Again thank you for the suggestions and I welcome more please...

Apr 04, 2011
Rating
starstarstarstarstar
Try Tethering
by: Anonymous

It would also be a very good idea to tether Max to you when you daughters friend is over. You will know you have complete control with this and there will be no chance of a disater. As time goes on and training continues you should be able to let him walk around freely but should still be under constant supervision.

Apr 04, 2011
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Zues is testing his limits
by: LINA

Dominance can sometimes, but not always lead to aggression. A wise man once said, "Never start a fight you can’t win". This is especially true with your dog. A medium sized dog is physically capable of defeating the average adult, that's a fact.

Dominance can be as simple as your dog sticking his ball in your lap to growling or biting you when you try and get it off the couch, and many steps in between.

Any sign of dominance should see the owner making plans to seek professional advice.
Remember a dominant dog is in Rank drive; his life goal is to elevate his pack position.

In combating dominance issues is obedience training. Many people will tell you that "your dog needs a firm hand". If you put a leash and training collar on your dominant dog and jerk him around, there is a good chance he will kick your ass for it.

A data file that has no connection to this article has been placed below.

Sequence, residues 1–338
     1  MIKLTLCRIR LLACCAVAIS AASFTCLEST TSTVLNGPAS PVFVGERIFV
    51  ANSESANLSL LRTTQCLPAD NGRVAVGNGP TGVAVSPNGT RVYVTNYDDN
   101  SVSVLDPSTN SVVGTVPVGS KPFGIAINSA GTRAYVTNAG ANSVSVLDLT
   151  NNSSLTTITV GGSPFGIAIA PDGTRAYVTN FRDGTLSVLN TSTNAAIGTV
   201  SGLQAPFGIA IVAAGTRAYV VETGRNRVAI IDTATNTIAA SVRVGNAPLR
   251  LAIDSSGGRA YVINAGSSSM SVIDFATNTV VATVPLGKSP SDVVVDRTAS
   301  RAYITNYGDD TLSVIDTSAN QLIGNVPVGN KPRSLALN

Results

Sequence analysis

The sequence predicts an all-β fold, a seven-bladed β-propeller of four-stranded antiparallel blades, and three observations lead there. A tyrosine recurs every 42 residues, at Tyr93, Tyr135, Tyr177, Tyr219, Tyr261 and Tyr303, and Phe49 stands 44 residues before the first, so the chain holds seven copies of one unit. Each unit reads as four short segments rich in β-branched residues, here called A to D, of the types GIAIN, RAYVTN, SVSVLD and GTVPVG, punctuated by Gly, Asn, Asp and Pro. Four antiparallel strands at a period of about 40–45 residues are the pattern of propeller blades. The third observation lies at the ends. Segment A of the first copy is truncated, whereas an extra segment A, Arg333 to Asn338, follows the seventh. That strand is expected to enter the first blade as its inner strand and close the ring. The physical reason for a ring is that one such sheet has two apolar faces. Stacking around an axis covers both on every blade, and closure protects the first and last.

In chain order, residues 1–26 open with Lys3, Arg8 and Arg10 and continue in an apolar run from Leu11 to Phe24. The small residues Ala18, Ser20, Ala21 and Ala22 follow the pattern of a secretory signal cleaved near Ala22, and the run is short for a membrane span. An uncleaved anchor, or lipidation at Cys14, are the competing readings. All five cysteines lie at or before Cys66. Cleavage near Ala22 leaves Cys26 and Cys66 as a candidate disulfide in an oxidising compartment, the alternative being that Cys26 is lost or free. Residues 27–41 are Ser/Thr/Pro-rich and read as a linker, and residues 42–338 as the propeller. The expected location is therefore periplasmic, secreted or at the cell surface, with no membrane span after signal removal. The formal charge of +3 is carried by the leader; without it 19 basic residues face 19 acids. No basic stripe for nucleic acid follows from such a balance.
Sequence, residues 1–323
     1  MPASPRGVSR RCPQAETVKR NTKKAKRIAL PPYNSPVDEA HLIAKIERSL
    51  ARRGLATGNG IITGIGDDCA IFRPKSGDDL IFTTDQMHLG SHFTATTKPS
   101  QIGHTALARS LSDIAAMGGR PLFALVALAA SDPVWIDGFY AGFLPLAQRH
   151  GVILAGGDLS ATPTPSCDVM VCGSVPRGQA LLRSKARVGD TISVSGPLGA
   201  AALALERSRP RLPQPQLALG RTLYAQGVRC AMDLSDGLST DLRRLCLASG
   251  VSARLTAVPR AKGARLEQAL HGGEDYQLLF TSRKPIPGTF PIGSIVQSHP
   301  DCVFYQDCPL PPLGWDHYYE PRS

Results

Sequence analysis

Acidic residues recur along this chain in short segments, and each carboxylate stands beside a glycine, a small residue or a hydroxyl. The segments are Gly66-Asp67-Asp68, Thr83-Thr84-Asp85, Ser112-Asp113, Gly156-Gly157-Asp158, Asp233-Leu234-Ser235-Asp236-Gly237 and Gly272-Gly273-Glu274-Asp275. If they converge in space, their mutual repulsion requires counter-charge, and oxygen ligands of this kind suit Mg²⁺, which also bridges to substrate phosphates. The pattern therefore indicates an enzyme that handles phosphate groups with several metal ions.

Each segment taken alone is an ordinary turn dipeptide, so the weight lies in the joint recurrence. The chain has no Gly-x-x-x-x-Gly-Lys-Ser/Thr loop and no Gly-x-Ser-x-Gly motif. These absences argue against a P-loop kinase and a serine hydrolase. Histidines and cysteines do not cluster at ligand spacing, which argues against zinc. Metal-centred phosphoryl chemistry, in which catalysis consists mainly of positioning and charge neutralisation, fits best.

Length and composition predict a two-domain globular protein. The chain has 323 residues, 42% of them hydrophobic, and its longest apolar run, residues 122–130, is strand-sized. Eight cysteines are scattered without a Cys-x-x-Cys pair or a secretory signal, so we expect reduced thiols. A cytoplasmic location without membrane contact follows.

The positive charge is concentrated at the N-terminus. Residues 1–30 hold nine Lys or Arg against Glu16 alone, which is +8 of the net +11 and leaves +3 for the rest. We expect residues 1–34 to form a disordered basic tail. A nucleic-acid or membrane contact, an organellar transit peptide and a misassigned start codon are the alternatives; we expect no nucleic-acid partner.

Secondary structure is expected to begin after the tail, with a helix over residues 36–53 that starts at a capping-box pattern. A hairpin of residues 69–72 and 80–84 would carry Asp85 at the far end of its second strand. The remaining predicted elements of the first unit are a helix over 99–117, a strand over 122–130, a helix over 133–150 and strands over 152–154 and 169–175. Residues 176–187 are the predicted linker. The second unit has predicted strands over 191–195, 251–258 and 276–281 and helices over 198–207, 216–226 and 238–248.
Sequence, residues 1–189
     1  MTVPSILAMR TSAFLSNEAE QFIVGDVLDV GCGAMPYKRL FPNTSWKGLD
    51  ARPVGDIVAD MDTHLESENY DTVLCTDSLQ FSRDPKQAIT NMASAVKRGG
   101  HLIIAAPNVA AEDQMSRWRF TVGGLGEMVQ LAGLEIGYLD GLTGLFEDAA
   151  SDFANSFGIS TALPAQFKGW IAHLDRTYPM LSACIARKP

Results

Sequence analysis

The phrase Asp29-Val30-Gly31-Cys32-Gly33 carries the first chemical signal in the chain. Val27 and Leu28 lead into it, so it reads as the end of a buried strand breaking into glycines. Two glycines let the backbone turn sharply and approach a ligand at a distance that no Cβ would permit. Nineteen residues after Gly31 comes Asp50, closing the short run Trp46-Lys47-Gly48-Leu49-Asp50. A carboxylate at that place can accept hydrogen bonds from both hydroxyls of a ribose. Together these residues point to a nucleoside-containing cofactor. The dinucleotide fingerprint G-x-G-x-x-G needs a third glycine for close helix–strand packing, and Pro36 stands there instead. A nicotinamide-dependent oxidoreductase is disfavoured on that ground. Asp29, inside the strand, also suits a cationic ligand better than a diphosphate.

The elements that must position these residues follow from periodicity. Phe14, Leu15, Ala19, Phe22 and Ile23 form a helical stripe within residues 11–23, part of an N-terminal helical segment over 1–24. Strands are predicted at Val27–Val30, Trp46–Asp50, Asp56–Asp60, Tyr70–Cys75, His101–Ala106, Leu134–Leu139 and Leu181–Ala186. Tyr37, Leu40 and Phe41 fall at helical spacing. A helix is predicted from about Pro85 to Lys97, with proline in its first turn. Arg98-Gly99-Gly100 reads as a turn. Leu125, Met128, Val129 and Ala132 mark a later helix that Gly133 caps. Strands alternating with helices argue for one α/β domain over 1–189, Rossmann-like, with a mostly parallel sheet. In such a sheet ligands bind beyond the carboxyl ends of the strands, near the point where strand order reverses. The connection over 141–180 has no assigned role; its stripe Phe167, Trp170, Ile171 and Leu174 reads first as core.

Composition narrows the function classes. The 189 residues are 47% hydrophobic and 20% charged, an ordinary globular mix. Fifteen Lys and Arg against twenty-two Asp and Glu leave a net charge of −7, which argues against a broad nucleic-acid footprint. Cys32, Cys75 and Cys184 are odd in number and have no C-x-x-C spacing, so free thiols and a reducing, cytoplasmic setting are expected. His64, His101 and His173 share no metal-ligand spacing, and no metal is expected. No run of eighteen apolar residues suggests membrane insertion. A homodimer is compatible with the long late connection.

A dominant dog will attack not out of fear but for leadership and survival, the bites delivered by a dominant dog are most severe you will see from an untrained dog.

Dominant dogs need to go through a specially designed behaviour modification program; this should not be attempted by someone other than a professional trainer with experience in this area with this breed.

If by some chance you have gained success by correcting your dog with a training collar or prong collar, you have more than likely forced your dog to be submissive to you.

Some will tell you that was the idea and your problems have gone, but they are wrong.

A dog that is submissive toward you isn't satisfied with his position in the pack, as he has been forced there. Good chance, the minute he feels he has the chance to win, he will take that opportunity to give you a royal flogging.

I have seen it more than once happen to trainers who advocate and advise what's commonly known as an Alpha Roll.

This is a technique in which the loose skin around the dog’s neck is grabbed and the dog flung onto its back, the trainer climbing on top of the dog and giving it eye contact, much like the winning dog would do in a fight.

People all around the world still bare the scars from dogs nearly tearing their faces off.

Do not attempt an Alpha Roll on your dog, it's not the job for novices or professionals, it will achieve no positive results.

To gain the respect of your dog, you will need to put in place a program that will see the dog make the decision as to who is in charge, without the need for a fight or conflict.

This can be easily done with the right trainer, who will specify you a step by step, low conflict, low risk program that he or she can demonstrate and you can practice and implement at home.